Dharapat

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Dharapat
ধারাপাট
Village
Dharapat is located in West Bengal
Dharapat
Dharapat
Location in West Bengal, India
Coordinates: 23°04′21″N 87°17′57″E / 23.0723882°N 87.2992516°E / 23.0723882; 87.2992516Coordinates: 23°04′21″N 87°17′57″E / 23.0723882°N 87.2992516°E / 23.0723882; 87.2992516
Country  India
State West Bengal
District Bankura
Languages
 • Official BengaliEnglish
Time zone IST (UTC+5:30)
Lok Sabha constituency Bishnupur
Vidhan Sabha constituency Bishnupur
Website bankura.gov.in

Dharapat is a village in Bishnupur subdivision of Bankura district in the Indian state of West Bengal. It is 12 kilometres (7.5 mi) north of Bishnupur.

Geography[edit]

Dharapat is located at 23°04′21″N 87°17′57″E / 23.0723882°N 87.2992516°E / 23.0723882; 87.2992516

Culture[edit]

Bankura district was once under the influence of Jainism and a number of Jain relics lie scattered in the district. Jain relics at villages Sonatapal, Bahulara, Dharapat, Harmasra and Paresnath (near Ambiknagar) are now taken as Hindu relics and some of the intact images are daily worshipped as Hindu deities. The temples at Dharapat and Bahulara villages have naked Jain images, which are known as "Nangta Thakur" or the naked deities. These deities are there along with Hindu deities.[1]

According to a Bengali inscription in the main temple at Dharapat, it was built in 1694 or 1704. The idol is thought to be of Shyama Chand Thakur, commonly known as Nangta Thakur. The temple was built by Advesh, Raja of Dharapat. Barren women of the locality worship at the temple with the hope of bearing a child.[2] The temple came up in place of a plastered laterite structure that had collapsed. The new temple has four small statues of flying lions on its four sides. There are three excellent stone idols in the temple — two Jain deities and Vishnu. All three are on the outer walls. There are a number of abandoned temples in the village. There are some stone relics in Dharapat. One of them, and a very interesting one, is a statue of Parasnath that has been converted into a Vishnu idol by carefully adding two hands. It obviously signifies the overpowering Hindu influence after the decline of Jainism in the area.[3]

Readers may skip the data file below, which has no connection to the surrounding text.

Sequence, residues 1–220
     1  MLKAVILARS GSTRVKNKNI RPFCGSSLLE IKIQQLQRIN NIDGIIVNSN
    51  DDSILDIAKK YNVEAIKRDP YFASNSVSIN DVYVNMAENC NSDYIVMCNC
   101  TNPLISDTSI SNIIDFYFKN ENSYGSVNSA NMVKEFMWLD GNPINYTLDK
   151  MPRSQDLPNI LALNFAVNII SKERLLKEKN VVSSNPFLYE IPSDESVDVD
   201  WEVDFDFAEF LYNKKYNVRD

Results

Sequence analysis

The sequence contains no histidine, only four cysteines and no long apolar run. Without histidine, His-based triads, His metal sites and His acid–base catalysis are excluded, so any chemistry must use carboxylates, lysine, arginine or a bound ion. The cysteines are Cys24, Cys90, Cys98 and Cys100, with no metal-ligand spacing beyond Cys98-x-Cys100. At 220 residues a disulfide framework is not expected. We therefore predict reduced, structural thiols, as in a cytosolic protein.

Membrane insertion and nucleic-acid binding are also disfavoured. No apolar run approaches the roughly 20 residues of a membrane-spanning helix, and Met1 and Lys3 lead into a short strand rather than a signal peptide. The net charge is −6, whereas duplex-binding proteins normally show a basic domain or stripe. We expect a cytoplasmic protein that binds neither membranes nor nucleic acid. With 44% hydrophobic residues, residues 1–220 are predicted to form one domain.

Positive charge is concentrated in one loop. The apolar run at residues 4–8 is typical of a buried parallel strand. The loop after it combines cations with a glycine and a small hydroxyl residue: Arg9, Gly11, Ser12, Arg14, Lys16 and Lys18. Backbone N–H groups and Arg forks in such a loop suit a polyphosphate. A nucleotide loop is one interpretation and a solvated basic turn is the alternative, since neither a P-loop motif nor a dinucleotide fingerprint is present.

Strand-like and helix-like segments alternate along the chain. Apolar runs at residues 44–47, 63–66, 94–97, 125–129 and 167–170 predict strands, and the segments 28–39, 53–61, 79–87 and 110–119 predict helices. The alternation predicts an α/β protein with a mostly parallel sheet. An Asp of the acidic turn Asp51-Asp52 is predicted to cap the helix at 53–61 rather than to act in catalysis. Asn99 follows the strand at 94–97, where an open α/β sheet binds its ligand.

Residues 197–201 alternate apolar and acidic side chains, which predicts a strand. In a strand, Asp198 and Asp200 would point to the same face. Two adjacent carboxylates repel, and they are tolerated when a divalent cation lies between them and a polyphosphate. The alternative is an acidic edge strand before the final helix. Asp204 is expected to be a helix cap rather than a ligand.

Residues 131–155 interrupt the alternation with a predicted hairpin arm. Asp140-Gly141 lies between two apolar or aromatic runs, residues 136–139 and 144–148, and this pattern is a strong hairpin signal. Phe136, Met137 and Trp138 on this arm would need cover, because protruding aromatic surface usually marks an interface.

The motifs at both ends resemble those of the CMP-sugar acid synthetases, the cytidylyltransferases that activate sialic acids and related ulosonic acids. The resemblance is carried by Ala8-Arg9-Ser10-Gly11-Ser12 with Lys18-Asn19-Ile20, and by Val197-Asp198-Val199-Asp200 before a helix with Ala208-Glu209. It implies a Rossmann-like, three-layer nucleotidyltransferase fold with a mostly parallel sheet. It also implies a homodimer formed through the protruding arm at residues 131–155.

References[edit]

  1. ^ "Temples and Legends of Bengal". Bankura. Hindu Books. Retrieved 2009-07-12. 
  2. ^ O’Malley, L.S.S., ICS, Bankura, Bengal District Gazetteers, p. 195, 1995 reprint, first published 1908, Government of West Bengal
  3. ^ "Next weekend you can be at ... Dharapat". The Telegraph, 12 October 2008. Retrieved 2009-07-12.